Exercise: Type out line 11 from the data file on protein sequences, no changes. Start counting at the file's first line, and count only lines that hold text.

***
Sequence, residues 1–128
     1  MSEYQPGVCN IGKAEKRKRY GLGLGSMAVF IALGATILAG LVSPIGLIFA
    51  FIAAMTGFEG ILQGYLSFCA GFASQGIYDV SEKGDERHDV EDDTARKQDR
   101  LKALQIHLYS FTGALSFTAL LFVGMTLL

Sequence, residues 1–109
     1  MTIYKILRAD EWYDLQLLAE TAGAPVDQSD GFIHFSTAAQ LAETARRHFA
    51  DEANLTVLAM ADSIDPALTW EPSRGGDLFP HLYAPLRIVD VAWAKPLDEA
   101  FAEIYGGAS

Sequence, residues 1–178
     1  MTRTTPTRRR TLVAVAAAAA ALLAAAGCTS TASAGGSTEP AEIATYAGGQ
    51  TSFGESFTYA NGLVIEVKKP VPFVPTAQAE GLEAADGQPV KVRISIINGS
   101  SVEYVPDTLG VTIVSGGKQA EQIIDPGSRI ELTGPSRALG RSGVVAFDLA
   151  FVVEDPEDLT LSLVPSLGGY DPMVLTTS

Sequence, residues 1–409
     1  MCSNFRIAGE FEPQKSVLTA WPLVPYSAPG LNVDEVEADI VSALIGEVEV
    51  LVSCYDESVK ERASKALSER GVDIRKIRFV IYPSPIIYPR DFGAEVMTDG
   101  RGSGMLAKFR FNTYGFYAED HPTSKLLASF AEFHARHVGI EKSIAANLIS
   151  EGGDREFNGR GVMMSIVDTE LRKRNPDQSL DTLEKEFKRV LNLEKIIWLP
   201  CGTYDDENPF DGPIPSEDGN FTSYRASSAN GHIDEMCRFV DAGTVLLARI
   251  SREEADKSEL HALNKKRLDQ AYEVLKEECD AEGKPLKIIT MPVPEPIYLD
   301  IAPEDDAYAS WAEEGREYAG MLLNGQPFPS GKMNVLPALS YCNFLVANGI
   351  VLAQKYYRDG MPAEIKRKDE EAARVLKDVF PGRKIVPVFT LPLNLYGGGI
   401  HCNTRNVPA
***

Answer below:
    51  TSFGESFTYA NGLVIEVKKP VPFVPTAQAE GLEAADGQPV KVRISIINGS